Cafetière - Stainless Steel
Cafetière or French Press a coffee maker that has survived and still produces a great cup of coffee. Comes in different sizes to suit your requirements.
What is the French press method?
The cafetière, also known as a French press or coffee plunger, is a popular method for brewing coffee that's loved for its simplicity and ability to produce a rich and full-bodied cup. It is often favoured by coffee enthusiasts for its ability to preserve the essential oils and flavours of the coffee beans. Here's how it works:
- Cafetière/French Press: This consists of a glass or stainless steel container with a plunger and a mesh filter attached to the lid.
- Coarsely Ground Coffee: Aim for a coarse grind, similar to breadcrumbs, to avoid fine sediment in your coffee. You can either buy our freshly roasted whole beans and grind these yourself with our Coffee Bean Ceramic Hand Grinder or you can order any of our coffee's to be freshly pre-ground for the French press method.
- Hot Water: Ideally just off boiling, around 195-205°F (90-96°C) for best extraction.
- Stirring utensil: A wooden or plastic stirrer works well to mix the coffee and water.
Preheat: Warm up the cafetière by rinsing it with hot water. This helps maintain the brewing temperature.
Add Coffee: Measure out the coarsely ground coffee. A standard ratio is around 1:15 coffee to water, but you can adjust to taste. For example, for 16 ounces of water, you might use about 30 grams of coffee.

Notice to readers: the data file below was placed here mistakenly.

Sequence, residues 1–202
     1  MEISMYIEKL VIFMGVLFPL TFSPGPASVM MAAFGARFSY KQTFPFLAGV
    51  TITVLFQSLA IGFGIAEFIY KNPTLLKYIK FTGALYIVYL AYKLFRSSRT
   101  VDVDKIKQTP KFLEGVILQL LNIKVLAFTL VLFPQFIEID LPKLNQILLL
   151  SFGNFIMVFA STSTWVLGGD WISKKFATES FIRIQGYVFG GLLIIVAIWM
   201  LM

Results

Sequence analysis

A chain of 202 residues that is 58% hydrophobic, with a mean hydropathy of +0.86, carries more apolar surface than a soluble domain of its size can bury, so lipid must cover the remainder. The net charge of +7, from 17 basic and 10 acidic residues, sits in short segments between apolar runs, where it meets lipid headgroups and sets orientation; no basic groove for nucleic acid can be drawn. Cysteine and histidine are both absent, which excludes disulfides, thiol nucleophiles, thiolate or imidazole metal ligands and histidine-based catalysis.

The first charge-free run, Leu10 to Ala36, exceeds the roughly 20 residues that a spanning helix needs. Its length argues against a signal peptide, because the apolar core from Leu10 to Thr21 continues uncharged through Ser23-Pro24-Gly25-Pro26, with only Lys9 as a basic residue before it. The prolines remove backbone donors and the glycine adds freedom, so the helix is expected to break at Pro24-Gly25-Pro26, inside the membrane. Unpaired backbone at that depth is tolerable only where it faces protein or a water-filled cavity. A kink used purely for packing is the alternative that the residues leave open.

Pour Water: Pour the hot water over the coffee grounds. Use a circular motion to ensure all the grounds are saturated. Leave some space at the top for the plunger.
Stir: Gently stir the coffee and water mixture to ensure the grounds are fully immersed. A wooden or plastic utensil works best..
Brew: Place the lid on the cafetière with the plunger pulled all the way up to seal the top. Let it brew for about 4 minutes. This brew time can vary based on personal preference, so adjust to your taste – shorter for a lighter cup, longer for a stronger brew.
Plunge: After the brewing time, slowly press the plunger down. Apply steady and gentle pressure to avoid agitating the coffee grounds too much. This separates the grounds from the brewed coffee.
Pour and Enjoy: Once the plunger is fully pressed down, pour the coffee into your cup or a serving vessel immediately. Leaving the coffee in the press with the grounds can cause over-extraction and bitterness.
- Use freshly roasted and freshly ground coffee for the best flavour.
- Experiment with different grind sizes and coffee-to-water ratios to find your preferred strength and taste.
- Clean your French press thoroughly after each use to prevent build-up of oils that can affect the flavour of subsequent brews.
The French press method is relatively easy and can result in a rich and flavourful coffee, allowing you to enjoy the full spectrum of flavours present in the beans.
What is the history of the French press method?
The cafetière has an interesting history that dates back to the late 19th century.
It was invented by an Italian designer named Attilio Calimani in 1929. However, its design was patented by another Italian, Ugo Paolini, in 1928. The device underwent several modifications before becoming what we recognize as the modern-day French press.
The concept of steeping coffee grounds in hot water within a container dates back centuries, but the French press as we know it today was refined and popularized by a Frenchman named Marcel-Pierre Paquet dit Jolbert. He patented an improved version in 1958 that closely resembles the cafetière we use today. Jolbert's design included a fine mesh filter attached to a plunger, allowing users to separate the brewed coffee grounds from the liquid by pressing down the plunger.
You might also like our Cafetière Artisan Coffee Gift Set